My psychiatrist Dr. A tore out for me a new article from this month’s Archives of General Psychiatry entitled “Effect of Concomitant Pharmacotherapy on Electroconvulsive Therapy Outcomes.” Written by Harold Sackeim, et al., their research found that “treatment with nortriptyline (a second-generation tricyclic) enhanced the efficacy and reduced the cognitive adverse effects of ECT relative to the placebo, and Venlafaxine (Effexor) resulted in weaker degree of improvement and tended to worsen cognitive adverse effects (but still better than placebo).” They also concluded that high-dosage right unilateral ECT equaled or surpassed in efficacy to bilateral ECT and caused less cognitive side effects. (Here’s an article about this study from Medical News Today.)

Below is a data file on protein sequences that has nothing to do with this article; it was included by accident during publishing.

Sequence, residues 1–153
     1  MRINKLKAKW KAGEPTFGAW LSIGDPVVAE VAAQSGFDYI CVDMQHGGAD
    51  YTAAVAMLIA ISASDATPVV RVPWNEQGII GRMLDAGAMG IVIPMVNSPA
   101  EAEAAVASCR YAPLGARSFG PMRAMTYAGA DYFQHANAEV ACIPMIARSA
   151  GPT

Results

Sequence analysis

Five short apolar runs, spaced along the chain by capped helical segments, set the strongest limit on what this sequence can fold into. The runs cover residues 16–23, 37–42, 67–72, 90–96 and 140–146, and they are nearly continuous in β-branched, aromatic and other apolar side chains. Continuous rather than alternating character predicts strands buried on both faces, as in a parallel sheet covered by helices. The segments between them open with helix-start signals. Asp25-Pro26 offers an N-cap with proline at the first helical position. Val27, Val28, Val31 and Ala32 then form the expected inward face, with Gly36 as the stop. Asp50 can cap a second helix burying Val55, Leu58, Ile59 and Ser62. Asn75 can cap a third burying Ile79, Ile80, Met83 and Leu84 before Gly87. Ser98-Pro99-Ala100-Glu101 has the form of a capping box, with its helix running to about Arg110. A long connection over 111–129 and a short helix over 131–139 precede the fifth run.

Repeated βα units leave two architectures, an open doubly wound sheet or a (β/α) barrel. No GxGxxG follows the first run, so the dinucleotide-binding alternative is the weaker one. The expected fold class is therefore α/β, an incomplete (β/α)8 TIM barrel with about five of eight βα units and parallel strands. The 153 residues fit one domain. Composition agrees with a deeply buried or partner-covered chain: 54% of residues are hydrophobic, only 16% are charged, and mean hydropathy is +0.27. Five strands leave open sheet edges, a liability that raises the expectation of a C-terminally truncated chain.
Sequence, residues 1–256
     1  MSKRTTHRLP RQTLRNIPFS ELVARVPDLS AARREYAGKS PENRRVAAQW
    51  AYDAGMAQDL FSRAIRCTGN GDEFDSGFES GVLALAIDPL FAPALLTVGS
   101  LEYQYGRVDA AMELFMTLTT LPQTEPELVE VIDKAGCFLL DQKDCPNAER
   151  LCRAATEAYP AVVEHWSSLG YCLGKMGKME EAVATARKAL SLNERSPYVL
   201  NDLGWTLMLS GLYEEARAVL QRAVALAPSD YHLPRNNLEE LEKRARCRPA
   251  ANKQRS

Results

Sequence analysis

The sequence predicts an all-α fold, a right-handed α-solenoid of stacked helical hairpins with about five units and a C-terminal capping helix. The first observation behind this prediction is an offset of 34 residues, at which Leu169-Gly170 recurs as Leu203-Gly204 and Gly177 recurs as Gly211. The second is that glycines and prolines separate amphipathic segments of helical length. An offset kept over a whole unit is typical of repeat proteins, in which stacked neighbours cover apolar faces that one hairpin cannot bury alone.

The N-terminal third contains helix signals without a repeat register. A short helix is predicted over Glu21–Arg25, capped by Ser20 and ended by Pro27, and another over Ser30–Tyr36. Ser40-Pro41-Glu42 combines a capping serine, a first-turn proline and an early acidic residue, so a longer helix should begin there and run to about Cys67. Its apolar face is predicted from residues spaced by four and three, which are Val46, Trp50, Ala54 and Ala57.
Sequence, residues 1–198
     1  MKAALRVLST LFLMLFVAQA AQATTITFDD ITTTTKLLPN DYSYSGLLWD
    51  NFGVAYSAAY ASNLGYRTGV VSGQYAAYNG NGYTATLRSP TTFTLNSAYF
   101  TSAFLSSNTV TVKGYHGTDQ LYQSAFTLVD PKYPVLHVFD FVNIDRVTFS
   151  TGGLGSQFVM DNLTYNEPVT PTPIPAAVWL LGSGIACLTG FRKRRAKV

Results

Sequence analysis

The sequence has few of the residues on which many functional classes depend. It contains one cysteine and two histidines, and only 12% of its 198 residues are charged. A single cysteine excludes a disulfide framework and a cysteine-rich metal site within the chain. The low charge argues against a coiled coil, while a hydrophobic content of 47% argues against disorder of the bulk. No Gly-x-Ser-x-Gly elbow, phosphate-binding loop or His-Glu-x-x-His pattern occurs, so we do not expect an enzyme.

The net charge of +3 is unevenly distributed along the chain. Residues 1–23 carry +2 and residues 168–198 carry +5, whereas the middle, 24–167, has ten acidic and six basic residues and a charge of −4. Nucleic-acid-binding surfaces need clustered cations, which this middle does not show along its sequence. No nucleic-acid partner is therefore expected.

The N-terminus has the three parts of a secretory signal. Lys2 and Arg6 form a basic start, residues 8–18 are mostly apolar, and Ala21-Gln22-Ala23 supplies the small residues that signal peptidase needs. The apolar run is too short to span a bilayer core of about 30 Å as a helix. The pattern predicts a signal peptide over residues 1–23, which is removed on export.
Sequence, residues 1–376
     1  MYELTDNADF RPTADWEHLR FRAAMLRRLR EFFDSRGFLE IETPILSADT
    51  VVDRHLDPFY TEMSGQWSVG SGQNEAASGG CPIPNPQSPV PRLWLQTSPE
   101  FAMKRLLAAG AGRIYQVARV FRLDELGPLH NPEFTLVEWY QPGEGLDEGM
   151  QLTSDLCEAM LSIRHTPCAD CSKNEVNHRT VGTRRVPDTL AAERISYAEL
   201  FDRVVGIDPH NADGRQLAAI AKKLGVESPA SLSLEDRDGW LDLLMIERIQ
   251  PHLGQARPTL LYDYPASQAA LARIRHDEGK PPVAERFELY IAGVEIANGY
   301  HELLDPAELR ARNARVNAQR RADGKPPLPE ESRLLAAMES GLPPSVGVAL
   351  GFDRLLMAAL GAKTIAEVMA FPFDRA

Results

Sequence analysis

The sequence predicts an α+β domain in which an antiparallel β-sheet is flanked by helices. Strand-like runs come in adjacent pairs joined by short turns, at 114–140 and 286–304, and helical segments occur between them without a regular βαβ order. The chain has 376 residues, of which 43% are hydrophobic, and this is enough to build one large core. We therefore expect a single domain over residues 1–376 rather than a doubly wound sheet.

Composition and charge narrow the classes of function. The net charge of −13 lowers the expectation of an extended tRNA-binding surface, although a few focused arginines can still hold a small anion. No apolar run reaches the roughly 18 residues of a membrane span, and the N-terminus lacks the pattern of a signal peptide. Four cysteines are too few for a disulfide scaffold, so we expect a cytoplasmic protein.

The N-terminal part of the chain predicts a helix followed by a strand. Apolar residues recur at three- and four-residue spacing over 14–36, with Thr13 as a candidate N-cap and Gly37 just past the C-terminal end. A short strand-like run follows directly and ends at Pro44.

We’ve probably encountered the stats that the effectiveness of ECT is somewhere between 70-90%. Though I wasn’t led to believe that I would be free from medication after the ECT, but it wasn’t made that clear to me that without any augmentation the relapse rate for ECT is around 50%, and according to one 2007 study, the rate could be up to 100%. So, I’d like to think that ECT just eradicates our lifetime of madness, but we need to realize that there are still work to be done after the little sparks are over. That may mean just continuing with your old meds, adding lithium, or turning back to ECT. I know that by the time we’re considering ECT, we are barely able to make it through the day, but I think it’s better to ask and know upfront what turns your life could take post-ECT rather than be surprised by something that’s already been documented that it might happen.
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